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Editor’s Note: The following is an op-ed/letter to the editor column. The opinions expressed in this column are those of the writer and do not necessarily reflect the opinions of What’s Up Newp. If you would like to submit a letter to the editor feel free to write to firstname.lastname@example.org.
While holidays can be a joyous time for many families, they can be challenging for families affected by Alzheimer’s. The current COVID-19 crisis is adding even more complexities that can feel overwhelming for many families impacted by Alzheimer’s. While Alzheimer’s and dementia does not increase the risk of COVID-19, dementia-related behaviors, increased age and common health conditions that often accompany dementia, may increase risk.
To help families navigate these challenges and provide a meaningful and enjoyable holiday season, the Alzheimer’s Association Rhode Island chapter is offering tips to help families plan appropriately for both in-person or virtual celebrations.
Tips for in-person holiday celebrations:
- Celebrate smart. Celebrate safe. Consider smaller gatherings this year. If possible, opt for large, open settings that allow for social distancing. Encourage attendees to follow safety protocols during the celebration, including hand washing, and the use of hand sanitizer and masks, as appropriate.
- Take a person-centered approach. Focus on what is enjoyable for the person living with Alzheimer’s. Take time to experiment with new holiday traditions that might be less stressful or a better fit for your loved one. If they get overwhelmed in large groups, a small quiet gathering may be preferable. If evening confusion and agitation are a problem, turn your holiday dinner into a holiday lunch or brunch.
- Keep it simple. Consider a celebration over a lunch or brunch at home or where the person is most comfortable. Instead of potluck-style gatherings, encourage guests to bring food and drinks for themselves and members of that household only.
Tips for virtual holiday celebrations:
- Connect with your family member virtually. Schedule a FaceTime, Skype or Zoom call with your loved one and invite other family members to participate. Prepare ahead of time to ensure the platform you use is one everyone can access easily. Consider taking the call to the next level by conducting a holiday activity such as baking cookies, exchanging gifts or singing favorite holiday songs.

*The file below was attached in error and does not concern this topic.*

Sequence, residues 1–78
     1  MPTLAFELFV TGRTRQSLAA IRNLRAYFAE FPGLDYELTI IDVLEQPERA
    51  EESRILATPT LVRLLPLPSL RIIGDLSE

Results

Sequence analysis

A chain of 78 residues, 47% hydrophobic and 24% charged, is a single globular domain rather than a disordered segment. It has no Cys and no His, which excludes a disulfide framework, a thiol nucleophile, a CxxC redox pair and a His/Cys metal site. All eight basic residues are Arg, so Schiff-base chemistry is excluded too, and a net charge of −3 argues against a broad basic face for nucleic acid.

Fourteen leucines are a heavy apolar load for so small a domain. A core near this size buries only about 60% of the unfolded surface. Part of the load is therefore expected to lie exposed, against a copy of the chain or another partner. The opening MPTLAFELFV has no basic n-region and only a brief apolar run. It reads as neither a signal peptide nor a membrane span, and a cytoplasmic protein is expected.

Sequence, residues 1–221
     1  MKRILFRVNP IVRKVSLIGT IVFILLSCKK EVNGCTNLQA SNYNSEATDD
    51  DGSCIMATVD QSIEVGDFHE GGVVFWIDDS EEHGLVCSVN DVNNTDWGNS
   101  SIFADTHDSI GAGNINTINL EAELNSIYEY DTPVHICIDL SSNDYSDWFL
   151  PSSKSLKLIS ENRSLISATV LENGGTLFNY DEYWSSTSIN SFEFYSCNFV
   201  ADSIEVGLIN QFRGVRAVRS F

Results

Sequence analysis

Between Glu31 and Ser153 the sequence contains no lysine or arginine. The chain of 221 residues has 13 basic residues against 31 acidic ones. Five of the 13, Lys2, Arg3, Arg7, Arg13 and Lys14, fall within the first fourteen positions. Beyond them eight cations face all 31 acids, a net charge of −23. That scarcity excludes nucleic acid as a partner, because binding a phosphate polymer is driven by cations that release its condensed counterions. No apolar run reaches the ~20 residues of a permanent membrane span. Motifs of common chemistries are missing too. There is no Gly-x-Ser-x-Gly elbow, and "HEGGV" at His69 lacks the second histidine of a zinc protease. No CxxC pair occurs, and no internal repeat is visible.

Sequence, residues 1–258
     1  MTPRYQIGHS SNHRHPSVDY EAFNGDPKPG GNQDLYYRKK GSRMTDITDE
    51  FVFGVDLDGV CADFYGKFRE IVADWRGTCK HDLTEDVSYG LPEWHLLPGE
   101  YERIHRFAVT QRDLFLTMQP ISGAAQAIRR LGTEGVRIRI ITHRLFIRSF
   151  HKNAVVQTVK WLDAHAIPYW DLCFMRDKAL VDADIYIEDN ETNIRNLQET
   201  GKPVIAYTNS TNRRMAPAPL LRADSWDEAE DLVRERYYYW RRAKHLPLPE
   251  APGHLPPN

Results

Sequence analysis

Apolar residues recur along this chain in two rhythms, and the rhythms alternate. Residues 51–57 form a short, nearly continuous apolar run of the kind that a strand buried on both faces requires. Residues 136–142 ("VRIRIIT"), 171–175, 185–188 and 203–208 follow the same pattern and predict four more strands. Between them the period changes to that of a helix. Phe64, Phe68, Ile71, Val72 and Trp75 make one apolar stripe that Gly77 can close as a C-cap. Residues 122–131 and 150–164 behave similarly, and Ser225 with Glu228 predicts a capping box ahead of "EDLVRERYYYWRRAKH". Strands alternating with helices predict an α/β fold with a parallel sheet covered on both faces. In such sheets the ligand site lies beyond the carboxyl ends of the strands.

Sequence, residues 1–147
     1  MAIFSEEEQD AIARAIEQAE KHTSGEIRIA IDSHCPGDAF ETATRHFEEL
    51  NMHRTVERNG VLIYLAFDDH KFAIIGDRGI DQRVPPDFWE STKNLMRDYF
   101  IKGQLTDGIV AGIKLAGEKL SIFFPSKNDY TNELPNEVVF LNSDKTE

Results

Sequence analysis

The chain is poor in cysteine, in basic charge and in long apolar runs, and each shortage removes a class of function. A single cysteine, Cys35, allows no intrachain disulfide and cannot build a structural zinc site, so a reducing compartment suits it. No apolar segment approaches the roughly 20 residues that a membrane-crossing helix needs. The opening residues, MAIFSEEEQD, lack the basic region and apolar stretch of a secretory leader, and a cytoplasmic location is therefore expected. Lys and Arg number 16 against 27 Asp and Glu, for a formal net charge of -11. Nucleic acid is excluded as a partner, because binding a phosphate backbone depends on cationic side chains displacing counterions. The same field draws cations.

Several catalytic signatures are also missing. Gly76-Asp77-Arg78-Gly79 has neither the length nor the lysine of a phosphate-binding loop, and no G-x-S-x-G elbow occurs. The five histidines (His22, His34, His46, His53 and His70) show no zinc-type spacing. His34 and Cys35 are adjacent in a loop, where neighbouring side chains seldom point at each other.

- Prepare a favorite holiday meal or dessert. The current COVID-19 crisis has offered many families more time to cook and prepare meals. Make plans to prepare your loved one’s favorite holiday meal or dessert. If you are unable to share the meal in-person, drop it off or have it delivered.
- Go for a holiday stroll. Indoor gatherings generally pose more risk than outdoor gatherings. If an extended indoor holiday celebration seems ill-advised, consider gathering immediate family for a neighborhood walk to soak in the season. Just remember to bundle up!
Experts from the Alzheimer’s Association Rhode Island chapter are available to discuss these and other tips to help families celebrate the holiday season safely. We serve all of Rhode Island and help all those facing Alzheimer’s disease and other dementias by providing support groups and educational resources, while advancing crucial research and public policy initiatives.
Our 24/7 Helpline (electronically accessible at https://www.alz.org/help-support/resources/helpline) serves people with memory loss, caregivers, health care professionals and the public, providing reliable information and support to all those who need assistance.
Call us toll-free anytime day or night at 800.272.3900.
We wish you and yours a very Happy Thanksgiving and holiday season.
David R. Carlin III
Director of Public Policy and Communications
Alzheimer’s Association, Rhode Island chapter
The preceding article was an opinion piece, or letter to the editor, and was published as submitted. It was not necessarily edited for punctuation, capitalization, spelling, etc. While, we reserve the right to copyedit and fact-check opinion pieces, and letters to the editor — and to annotate such pieces with fact-checking — we do not habitually do so.